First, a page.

Somebody probably has better detail on this, but RCA *wanted* a format
incompatible with the Long Playing 33 & 1/3 that had recently been
introduced by Columbia. Columbia offered to share the patent, but RCA
didn't want in and wanted to compete on format . . . at first.
On Tue, Feb 16, 2021 at 9:52 AM Michael Biel <[log in to unmask]> wrote:
> Almost all 45s in Europe and other countries outside North America have
> small holes or “optional centers” that can be pushed out. The patented RCA
> 45 system REQUIRED the large hole of all licensed manufacturers as well as
> the .1 mil microgroove stylus. The 7-inch diameter itself goes back to
> Berliner in the 1890s, so small hole 7-inches can be any speed, and since
> the patents for the 45 have expired, so 45s can also have small holes. In
> fact, they always came off the press with small holes And the large hole or
> optional push out slots always have had to be punched after initial
> cooling. But as for the instantaneous one-of-a-kind discs that were the
> subject of the original poster, they could be any speed and groove size
> that the disc cutter desired or could do. Most home machines like a
> Wilcox-Gay Recordio, or Silvertone only cut at 78 widegroove, although
> professional or semi-Pro machines always had a 33 option (as well as 78)
> back to the beginning in 1934, could be set for different groove spacing,
> and later on could be modified for 45 after 1949, and microgroove after
> 1948. An by the way, the cutting surfaces of metal or glass base discs are
> cellulose nitrate lacquer, not vinyl or acetate. Michael Biel.
> Get Outlook for iOS<https://aka.ms/o0ukef>
> From: Association for Recorded Sound Discussion List <
> [log in to unmask]> on behalf of Ron Roscoe <
> [log in to unmask]>
> Sent: Tuesday, February 16, 2021 12:06:08 PM
> To: [log in to unmask] <[log in to unmask]>
> Subject: Re: [ARSCLIST] [nevec] Rare records need to be digitized.
> I don’t think the first commercial 45’s ever used a 78 sized groove. Be
> hard to get 5 minutes of music on one side of a 45 using the wider 78
> groove. The whole 45 system with changer was ready before WW2 and was held
> up because of WW2. Do you know of any examples of 45’s with a regular
> small center hole? [9/32”?]
> From: [log in to unmask] [mailto:[log in to unmask]] On Behalf Of
> Adrian Zeffert
> Sent: Tuesday, February 16, 2021 11:45 AM
> To: [log in to unmask]
> Subject: Re: [nevec] Rare records need to be digitized.
> My reccolection is that the first 45's had a standard LP hole until the
> 'stacker' was invented for automated players. Thats why all record players
> of the 60's on up came with the 'Puck' to fit over an LP spindle for the
> revised 45. I don't know if the first 45's used a 78 needle but it is
> possible, until the BiRadial Saphire or Diamond needles were born.
> Hope other NEVECer's have other thoughts.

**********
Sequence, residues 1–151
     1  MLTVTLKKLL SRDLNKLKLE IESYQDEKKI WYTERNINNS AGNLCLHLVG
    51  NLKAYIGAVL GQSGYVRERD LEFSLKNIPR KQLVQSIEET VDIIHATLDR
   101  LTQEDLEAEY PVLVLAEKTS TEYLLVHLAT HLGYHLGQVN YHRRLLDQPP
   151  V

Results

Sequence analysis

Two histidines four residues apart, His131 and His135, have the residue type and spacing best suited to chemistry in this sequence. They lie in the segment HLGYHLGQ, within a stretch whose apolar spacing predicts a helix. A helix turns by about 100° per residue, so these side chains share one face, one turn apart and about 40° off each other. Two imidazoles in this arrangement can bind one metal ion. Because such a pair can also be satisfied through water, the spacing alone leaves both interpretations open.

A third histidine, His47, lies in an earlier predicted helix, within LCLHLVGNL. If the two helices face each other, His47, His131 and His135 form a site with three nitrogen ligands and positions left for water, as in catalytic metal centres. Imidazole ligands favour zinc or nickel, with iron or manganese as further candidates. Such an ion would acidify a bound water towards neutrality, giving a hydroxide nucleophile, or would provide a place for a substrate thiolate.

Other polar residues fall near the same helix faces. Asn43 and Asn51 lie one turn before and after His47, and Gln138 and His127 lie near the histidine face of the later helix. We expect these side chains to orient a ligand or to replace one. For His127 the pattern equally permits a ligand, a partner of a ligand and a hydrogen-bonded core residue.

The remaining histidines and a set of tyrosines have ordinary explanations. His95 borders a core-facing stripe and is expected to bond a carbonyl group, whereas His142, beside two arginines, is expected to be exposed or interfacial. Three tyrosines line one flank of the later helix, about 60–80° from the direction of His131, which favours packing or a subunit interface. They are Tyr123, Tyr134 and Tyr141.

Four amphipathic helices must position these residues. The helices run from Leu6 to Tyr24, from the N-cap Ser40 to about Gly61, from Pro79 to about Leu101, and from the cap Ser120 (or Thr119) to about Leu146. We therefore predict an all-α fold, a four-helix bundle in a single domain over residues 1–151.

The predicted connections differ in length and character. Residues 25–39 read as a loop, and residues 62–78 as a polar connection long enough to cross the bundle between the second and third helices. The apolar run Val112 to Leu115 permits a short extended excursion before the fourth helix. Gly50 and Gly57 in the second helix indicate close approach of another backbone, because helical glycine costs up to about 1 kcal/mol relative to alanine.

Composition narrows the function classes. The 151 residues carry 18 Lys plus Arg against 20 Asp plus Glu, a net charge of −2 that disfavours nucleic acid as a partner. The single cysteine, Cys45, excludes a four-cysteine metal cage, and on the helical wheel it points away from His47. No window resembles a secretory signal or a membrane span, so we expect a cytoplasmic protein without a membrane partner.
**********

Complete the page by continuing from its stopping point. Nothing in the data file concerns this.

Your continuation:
> I have many 78's and LP's. Cannot find my collection of 45's, probably
> lost in one of 5 moves!
> If anyone interested I have about 12, 7" reel tapes used by TWA for music
> entertainment on their aircraft. Have to wait for better weather to get
> them out of my shed. Last time i played one on my 7" deck, about 5 years
> ago the quality was excellent.
> On Tue, Feb 16, 2021, 10:58 Hugh Vartanian <[log in to unmask]> wrote:
> Hi group,
> I have these 5 one-of-a-kind records from my 80-odd year old friend with
> some folk music she made with other people in the mid-50's, probably in
> Greenwich Village NYC. She asked me to help rip them to digital, some kind
> of archiving project she is involved in to save these recordings.
> I ultrasonically cleaned them last night, that appeared to go OK. 2 of
> them are the same, 12" 33-1/3, with aluminum discs inside the vinyl (one
> has a slight chip). These play somewhat OK on my turntable although it
> sounds like there is still a bunch of dirt in the grooves.
> The other 3 are all different, 7" discs, either 45 or 78, I can't quite
> tell. The turntable I am using only does 45 and 33. They have a 9/32
> hole, not a 45 hole. (were there any 45's that had a small hole? this
> would be a hint).
> With the LP stylus on my turntable, the sound is almost inaudible and the
> tracking of the needle makes a noticeable stripe in reflected light on the
> record surface. AGGGGAAAHH, needle-less(!) to say, I stopped immediately.
> Is it possible that these may just need a 78-sized stylus? I do have a
> couple of turntables that do 78, but they will need some TLC (a miracord
> and an older garrard, iirc). While I am up for trying that, I would be
> interested if anyone know someone that specializes in such efforts. I'm
> glad to pay for the help, should the 78 turntable resurrection doesn't work
> out. I may try the audio place in Harvard square (if they are still
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